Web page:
The combination of mRNA-4157 and pembrolizumab will be further evaluated as an adjuvant treatment option for patients with resected, high-risk, stage IIB to IV melanoma in the phase 3 V940-001 trial.
The combination of mRNA-4157 (V940) and pembrolizumab (Keytruda) will be further evaluated as an adjuvant treatment option for patients with resected, high-risk, stage IIB to IV melanoma in the phase 3 V940-001 trial (NCT05933577).1
The global, randomized, double-blind, placebo-controlled study will evaluate mRNA-4157 plus pembrolizumab vs placebo plus pembrolizumab in approximately 1089 patients with high-risk, stage IIB to IV melanoma following complete resection. Enrollment for the trial has commenced, with the first patients enrolling in Australia.
“As we continue our efforts to advance novel treatment options for patients with high-risk, stage IIB to IV melanoma, the initiation of the V940-001 phase 3 trial represents an important step forward in these efforts and our study of individualized neoantigen therapy,” Marjorie Green, MD, senior vice president and head of Late-Stage Oncology, Global Clinical Development, at Merck Research Laboratories, stated in a news release. “We look forward to continuing to collaborate with Moderna to evaluate this promising new approach with mRNA-4157, while also building on a standard of care laid by [pembrolizumab].”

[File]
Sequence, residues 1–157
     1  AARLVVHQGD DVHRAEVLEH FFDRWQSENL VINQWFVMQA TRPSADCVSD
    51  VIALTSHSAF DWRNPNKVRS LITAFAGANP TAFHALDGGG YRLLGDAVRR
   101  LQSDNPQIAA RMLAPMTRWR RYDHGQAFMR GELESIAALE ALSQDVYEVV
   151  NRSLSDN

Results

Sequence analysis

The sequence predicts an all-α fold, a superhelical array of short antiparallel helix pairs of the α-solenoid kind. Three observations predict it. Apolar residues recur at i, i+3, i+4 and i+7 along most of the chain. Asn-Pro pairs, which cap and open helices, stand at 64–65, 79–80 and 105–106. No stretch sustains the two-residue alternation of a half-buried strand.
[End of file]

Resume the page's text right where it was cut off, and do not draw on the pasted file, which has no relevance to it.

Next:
mRNA-4157 is a novel investigational mRNA-based individualized neoantigen therapy comprised of a single synthetic mRNA coding for up to 34 neoantigens. The vaccine is designed to use the unique mutational signature of the DNA sequence from an individual patient’s tumor to stimulate an immune response via specific T-cell responses.
In February 2023, the FDA granted breakthrough therapy designation to mRNA-4157/V940 in combination with pembrolizumab for the adjuvant treatment of patients with high-risk melanoma following complete resection, based on data from the phase 2b KEYNOTE-942 trial (NCT03897881).2
Findings showed that KEYNOTE-942 met its primary end point for recurrence-free survival (RFS), with the combination reducing the risk of recurrence or death by 44% compared with pembrolizumab alone (HR, 0.561; 95% CI, 0.309-1.017; 1-sided P = .0266).3,4 The 18-month RFS rates were 78.6% and 62.2% for mRNA-4157/pembrolizumab and pembrolizumab monotherapy, respectively.
Further data presented at the 2023 ASCO Annual Meeting showed that at a median follow-up of 23 months for mRNA-4157 plus pembrolizumab and 24 months for pembrolizumab monotherapy, the combination elicited an 18-month distant metastasis–free survival (DMFS) rate of 91.8% compared with 76.8% for pembrolizumab alone (HR, 0.347; 95% CI, 0.145-0.828; P = .0063).4
V940-001 is enrolling patients at least 18 years of age with surgically resected and histologically/pathologically confirmed stage IIB, IIC, III, or IV cutaneous melanoma who have not received prior systemic therapy for melanoma beyond surgical resection.5 Patients must not be more than 13 weeks removed from final surgical resection before the first dose of pembrolizumab.
Key exclusion criteria include ocular or mucosal melanoma, past or current cancer that has spread to other parts of the body, heart failure within 6 months prior to enrollment, or exposure to prior cancer therapy or another cancer vaccine.
Following complete resection, patients will be randomly assigned 2:1 to receive mRNA-4157 at 1 mg once every 3 weeks or placebo in combination with 400 mg of pembrolizumab once every 6 weeks for up to 9 cycles. Patients will continue treatment for up to 56 weeks, or until disease recurrence or unacceptable toxicity.1
Investigator-assessed RFS will serve as the trial’s primary end point. Secondary end points will include DMFS, overall survival, safety, and quality of life.